Caesarean births are not linked to an increased risk of food allergy during the first year of life, according to a new study.
The research, led by the Murdoch Children’s Research Institute (MCRI) and published in the Journal of Allergy and Clinical Immunology: In Practice, found caesarean delivery, either with or without labour, or elective or emergency, compared to vaginal birth does not impact on the likelihood of food allergy at 12 months of age.
Murdoch Children’s Associate Professor Rachel Peters said the association between mode of delivery and the risk of food allergy had remained unclear prior to this study due to the lack of studies linking accurate food challenge outcomes to detailed information on the type of caesarean delivery.
The study involved 2045 infants from the HealthNuts study, with data linked to the Victorian Perinatal Data Collection to source detailed information on birth factors.
The study found of the 30 per cent born by caesarean, 12.7 per cent had a food allergy compared to 13.2 per cent born vaginally.
“We found no meaningful differences in food allergy for infants born by caesarean delivery compared to those born by vaginal delivery,” Associate Professor Peters said. Additionally, there was no difference in likelihood of food allergy if the caesarean was performed before or after the onset of labour, or whether it was an emergency or elective caesarean.”
Associate Professor Peters said it was thought a potential link between caesarean birth and allergy could reflect differences in early microbial exposure (bacteria from the mother's vagina) during delivery.
“The infant immune system undergoes rapid development during the neonatal period,” she said. Mode of delivery may interfere with the normal development of the immune system. Babies born by caesarean have less exposure to the bacteria from the mother's gut and vagina, which influences the composition of the baby’s microbiome and immune system development. However, this doesn’t appear to play a major role in the development of food allergy.”
Associate Professor Peters said the findings would assist caregivers in evaluating the risks and benefits of caesarean delivery and provide reassurance for mothers who require such interventions that there was little evidence that their baby was at an increased risk of food allergy.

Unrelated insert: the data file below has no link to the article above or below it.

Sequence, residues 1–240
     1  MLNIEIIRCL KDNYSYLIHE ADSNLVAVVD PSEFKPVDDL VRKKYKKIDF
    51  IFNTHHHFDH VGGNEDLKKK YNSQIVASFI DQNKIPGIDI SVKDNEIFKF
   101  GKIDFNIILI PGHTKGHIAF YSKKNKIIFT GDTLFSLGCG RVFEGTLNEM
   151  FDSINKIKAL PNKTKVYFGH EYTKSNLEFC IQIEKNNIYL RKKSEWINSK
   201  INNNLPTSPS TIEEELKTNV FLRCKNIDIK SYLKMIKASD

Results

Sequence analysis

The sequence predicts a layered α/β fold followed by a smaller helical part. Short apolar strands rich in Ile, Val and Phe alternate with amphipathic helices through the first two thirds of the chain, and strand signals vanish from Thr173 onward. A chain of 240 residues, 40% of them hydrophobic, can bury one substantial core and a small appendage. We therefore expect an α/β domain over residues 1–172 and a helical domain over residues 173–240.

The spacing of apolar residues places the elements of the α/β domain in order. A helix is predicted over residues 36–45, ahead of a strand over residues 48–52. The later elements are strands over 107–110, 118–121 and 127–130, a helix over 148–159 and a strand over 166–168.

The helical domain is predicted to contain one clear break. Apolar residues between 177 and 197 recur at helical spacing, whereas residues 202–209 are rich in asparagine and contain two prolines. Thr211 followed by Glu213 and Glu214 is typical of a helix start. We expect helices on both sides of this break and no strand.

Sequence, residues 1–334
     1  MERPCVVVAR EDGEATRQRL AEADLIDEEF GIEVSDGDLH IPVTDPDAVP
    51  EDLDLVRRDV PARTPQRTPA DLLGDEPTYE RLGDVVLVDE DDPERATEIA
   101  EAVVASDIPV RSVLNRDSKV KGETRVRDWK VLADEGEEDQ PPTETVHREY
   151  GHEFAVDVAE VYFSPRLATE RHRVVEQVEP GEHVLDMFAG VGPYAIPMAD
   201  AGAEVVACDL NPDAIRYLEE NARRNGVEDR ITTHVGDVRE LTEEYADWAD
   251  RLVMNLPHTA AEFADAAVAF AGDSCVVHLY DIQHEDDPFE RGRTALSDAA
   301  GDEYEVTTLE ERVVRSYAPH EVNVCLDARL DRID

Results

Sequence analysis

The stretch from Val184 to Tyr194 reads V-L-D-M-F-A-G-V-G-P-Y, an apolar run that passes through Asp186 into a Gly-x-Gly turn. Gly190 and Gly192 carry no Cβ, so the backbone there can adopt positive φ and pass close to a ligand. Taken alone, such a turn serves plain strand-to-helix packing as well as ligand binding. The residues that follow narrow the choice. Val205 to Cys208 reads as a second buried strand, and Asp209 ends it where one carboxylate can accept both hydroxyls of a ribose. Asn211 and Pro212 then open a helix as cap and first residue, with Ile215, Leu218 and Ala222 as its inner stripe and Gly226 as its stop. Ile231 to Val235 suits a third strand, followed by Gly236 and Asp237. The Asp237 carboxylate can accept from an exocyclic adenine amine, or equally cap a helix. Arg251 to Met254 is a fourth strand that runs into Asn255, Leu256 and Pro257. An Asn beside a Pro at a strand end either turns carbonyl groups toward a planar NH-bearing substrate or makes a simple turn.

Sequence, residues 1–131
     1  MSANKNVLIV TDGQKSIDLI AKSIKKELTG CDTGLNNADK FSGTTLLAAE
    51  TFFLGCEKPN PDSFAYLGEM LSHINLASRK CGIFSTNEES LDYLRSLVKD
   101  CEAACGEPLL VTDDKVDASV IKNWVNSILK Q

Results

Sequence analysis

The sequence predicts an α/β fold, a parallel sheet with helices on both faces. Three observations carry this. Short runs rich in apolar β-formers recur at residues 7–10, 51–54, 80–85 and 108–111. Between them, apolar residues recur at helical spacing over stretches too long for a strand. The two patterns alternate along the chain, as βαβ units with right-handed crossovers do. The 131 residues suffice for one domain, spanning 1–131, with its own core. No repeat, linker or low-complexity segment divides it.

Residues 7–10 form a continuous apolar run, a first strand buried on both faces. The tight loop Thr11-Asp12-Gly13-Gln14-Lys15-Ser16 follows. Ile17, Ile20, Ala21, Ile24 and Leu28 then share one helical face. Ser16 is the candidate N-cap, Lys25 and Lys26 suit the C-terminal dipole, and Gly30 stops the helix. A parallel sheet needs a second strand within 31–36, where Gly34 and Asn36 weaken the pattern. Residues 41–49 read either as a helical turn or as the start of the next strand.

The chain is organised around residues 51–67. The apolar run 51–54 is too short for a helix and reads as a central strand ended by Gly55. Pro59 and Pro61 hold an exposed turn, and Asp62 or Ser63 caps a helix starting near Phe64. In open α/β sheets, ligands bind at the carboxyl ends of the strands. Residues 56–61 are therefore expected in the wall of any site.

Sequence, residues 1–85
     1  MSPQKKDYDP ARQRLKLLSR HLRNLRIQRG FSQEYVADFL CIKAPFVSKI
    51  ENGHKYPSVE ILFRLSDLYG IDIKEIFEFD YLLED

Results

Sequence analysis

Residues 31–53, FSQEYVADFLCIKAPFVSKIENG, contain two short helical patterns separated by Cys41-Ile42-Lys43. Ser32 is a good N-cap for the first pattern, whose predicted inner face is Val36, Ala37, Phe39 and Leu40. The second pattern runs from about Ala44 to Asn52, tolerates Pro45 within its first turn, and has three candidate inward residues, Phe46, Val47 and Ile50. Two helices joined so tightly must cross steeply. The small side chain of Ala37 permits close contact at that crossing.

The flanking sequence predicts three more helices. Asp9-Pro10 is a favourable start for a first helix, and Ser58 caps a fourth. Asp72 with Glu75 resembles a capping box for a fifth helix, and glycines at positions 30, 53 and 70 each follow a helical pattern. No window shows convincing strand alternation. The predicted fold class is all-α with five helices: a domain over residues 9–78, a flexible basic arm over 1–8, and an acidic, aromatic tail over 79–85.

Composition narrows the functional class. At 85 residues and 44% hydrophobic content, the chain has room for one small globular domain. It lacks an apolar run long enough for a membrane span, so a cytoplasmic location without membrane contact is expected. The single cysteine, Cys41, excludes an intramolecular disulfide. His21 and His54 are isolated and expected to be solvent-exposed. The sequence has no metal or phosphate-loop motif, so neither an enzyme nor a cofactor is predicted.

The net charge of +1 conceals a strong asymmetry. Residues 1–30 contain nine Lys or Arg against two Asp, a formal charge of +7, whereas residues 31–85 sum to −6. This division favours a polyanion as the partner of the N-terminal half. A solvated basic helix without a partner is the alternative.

Australia has the highest rates of childhood food allergy in the world, with about one in 10 infants and one in 20 children over five years of age having a food allergy.
The findings come as new research, led by the Murdoch Children’s, also found 30 per cent of peanut allergy and 90 per cent of egg allergy naturally resolves by six years of age.
Associate Professor Peters said the resolution rates were great news for families and were even a little higher than what was previously thought.
The results, published in Journal of Allergy and Clinical Immunology, found infant’s with early-onset and severe eczema and multiple allergies were less likely to outgrow their egg and peanut allergies.
Associate Professor Peters said these infants should be targeted for early intervention trials that evaluate new treatments for food allergy such as oral immunotherapy.
“Prioritising research of these and future interventions for infants less likely to naturally outgrow their allergy would yield the most benefit for healthcare resources and research funding,” she said.
Nicole McEvoy’s daughter Moira, 3, was diagnosed with an egg allergy at six months after having a life-threatening allergic reaction to a tiny amount of scramble eggs.
“She stopped breathing and we thought she was choking but after undergoing several testes we learnt it was anaphylaxis,” she said. We don’t have a family history of allergies so it never crossed our mind that any of our children would have food allergies.”
Nicole said the family always had to remain vigilant around food.
“It was easier to control when Moira was a baby but now that she is attending kindergarten, playdates and birthday parties it’s always in the back of your mind that she could accidently be given something containing egg,” she said. We have had to drill into her that she only takes food from mum and dad.”
Nicole said the latest research from the Murdoch Children’s comes as a welcome relief to her family.
“Knowing that 90 per cent of egg allergy resolves by six years old age offers us a lot of hope and is hugely encouraging,” she said. It would be an enormous relief that if by the time Moira started school, the allergy had resolved and she wouldn’t have to worry about avoiding egg for the rest of her life.”
Researchers from the University of Melbourne, The Royal Children’s Hospital and The Florey Institute for Neuroscience and Mental Health also contributed to the findings.
Publication 1: Anne Currell, Jennifer J Koplin, Adrian J. Lowe, Kirsten P Perrett, Anne-Louise Ponsonby, Mimi L.K. Tang, Shyamali C Dharmage and Rachel L Peters. ‘Mode of birth is not associated with food allergy risk in infants,’ Journal of Allergy and Clinical Immunology: In Practice. DOI: 10.1016/j.jaip.2022.03.031
Publication 2: Rachel L Peters, Imma Guarnieri, Mimi L. K. Tang, Adrian J. Lowe, Shyamali C Dharmage, Kirsten P Perrett, Lyle C Gurrin and Jennifer J Koplin. ‘The natural history of peanut and egg allergy 1 up to age 6 years in the HealthNuts population-based longitudinal study,’ Journal of Allergy and Clinical Immunology. DOI: 10.1016/j.jaci.2022.04.008
*The content of this communication is the sole responsibility of MCRI and does not reflect the views of the NHMRC.
Available for interview:
Associate Professor Rachel Peters, MCRI Team Leader, Population Allergy
Nicole McEvoy whose daughter Moira, 3, has an egg allergy
Journal of Allergy and Clinical Immunology: In Practice
Method of Research
Subject of Research
Mode of birth is not associated with food allergy risk in infants